Here’s what you need to know for coaching the person and not the problem:

  • Personalities are at play: Wherever there is conflict, remember that not everyone involved will communicate, approach situations, interact with others or prioritize the same way. Here’s how personality styles affect conflict on a team. Having a good connection with the person you’re coaching is also important. There are many different tools that help to understand yourself and others (at Padraig, we use the Everything DiSC Assessments with our clients).
  • Coaching is about helping folks grow and develop: It’s possible that you might have advice for someone or even the solution to a problem, but if you jump in and provide that to a manager who comes to you, then they won’t learn how to figure things out on their own.
  • Solving the visible problem now may not solve it next time. While we can all learn from experience, if we figure out a solution to a problem for the moment, but the underlying issue still exists, the problem will resurface — and likely, time and time again. By coaching the person, we help them figure out what is generating this problem and thus they achieve lasting change and growth.
  • Be an active listener: When coaching, you need to offer your full attention. Book a time if you have to, and then listen with the intent to understand rather than to respond. Be curious; listen without judgment and without feeling the need to draw conclusions. Focus on the person, their body language, and their pauses as much as sentences. What might they not be saying? Where are the issues coming from for them?
  • Coaching requires curiosity: When professional coaches coach leaders, they coach the person, not the problem. When leaders use a COACH Approach with their staff they too can focus on the person before the problem. The goal of coaching is to help someone think and reflect. Once you’ve asked some questions to discover the problem, consider going deeper with questions like:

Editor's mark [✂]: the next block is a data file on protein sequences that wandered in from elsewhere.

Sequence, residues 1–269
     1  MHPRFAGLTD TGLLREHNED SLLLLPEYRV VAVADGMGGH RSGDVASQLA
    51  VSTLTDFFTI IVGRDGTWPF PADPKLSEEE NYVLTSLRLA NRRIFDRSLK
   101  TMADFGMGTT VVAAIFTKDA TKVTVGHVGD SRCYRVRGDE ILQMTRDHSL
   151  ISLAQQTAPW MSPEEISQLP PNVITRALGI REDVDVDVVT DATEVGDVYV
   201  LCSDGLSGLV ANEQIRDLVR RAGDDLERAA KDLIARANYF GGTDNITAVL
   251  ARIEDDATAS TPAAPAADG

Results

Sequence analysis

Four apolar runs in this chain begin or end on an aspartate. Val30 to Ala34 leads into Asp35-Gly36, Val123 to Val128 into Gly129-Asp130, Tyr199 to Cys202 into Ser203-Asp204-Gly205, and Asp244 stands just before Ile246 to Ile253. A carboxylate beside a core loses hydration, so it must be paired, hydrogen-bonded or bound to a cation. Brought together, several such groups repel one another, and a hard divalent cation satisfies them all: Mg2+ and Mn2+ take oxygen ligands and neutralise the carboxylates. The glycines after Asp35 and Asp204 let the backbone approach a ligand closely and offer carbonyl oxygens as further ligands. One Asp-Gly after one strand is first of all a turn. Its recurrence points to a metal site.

What is really important to you in this situation?
    What do you think (or, believe) about this situation?
    Where are you stuck?
    What are you feeling as we talk about this?
    When have you felt this way previously?
    Note that none of these questions start with WHY and each is focused on the person themselves. Using open-ended questions to get to the WHAT helps to move from the complaint or problem to the underlying causes.
  • Resist the urge to fix things: When coaching, your focus is on reflexive inquiry. You’re helping someone else think through their problem, not leading them to the outcome or solution you want — or offering a critique of their situation. Practice being comfortable in the silence of pauses, holding space for someone else to ponder and process. When appropriate, share neutral observations of things the person raises that could be blocks, “I hear you say that X is difficult. Can you say more about that?” “I noticed that X has come up a few times. What are your thoughts?” or, “What does it mean to you when we talk about the challenge you’ve shared about X?”
  • Move toward actions: Even if we’re not trying to simply solve the problem, and you’ve been successful in uncovering some underlying beliefs, barriers or obstacles, help the manager or employee toward next steps. Help them leave with an actionable plan. “So, now that we’ve discovered Z, what do you think your next steps will be?” “What will help you stick to that?”
  • Underscore the value of coaching: After someone has an “aha” moment, ask what was valuable about the coaching session. This helps to attach value to the COACH Approach, which for many folks will motivate them to add coaching to their own leadership toolkit. Then, check-in again a little while later to see how things are going. What worked? What, if anything, would they do differently?

Coach’s Questions:

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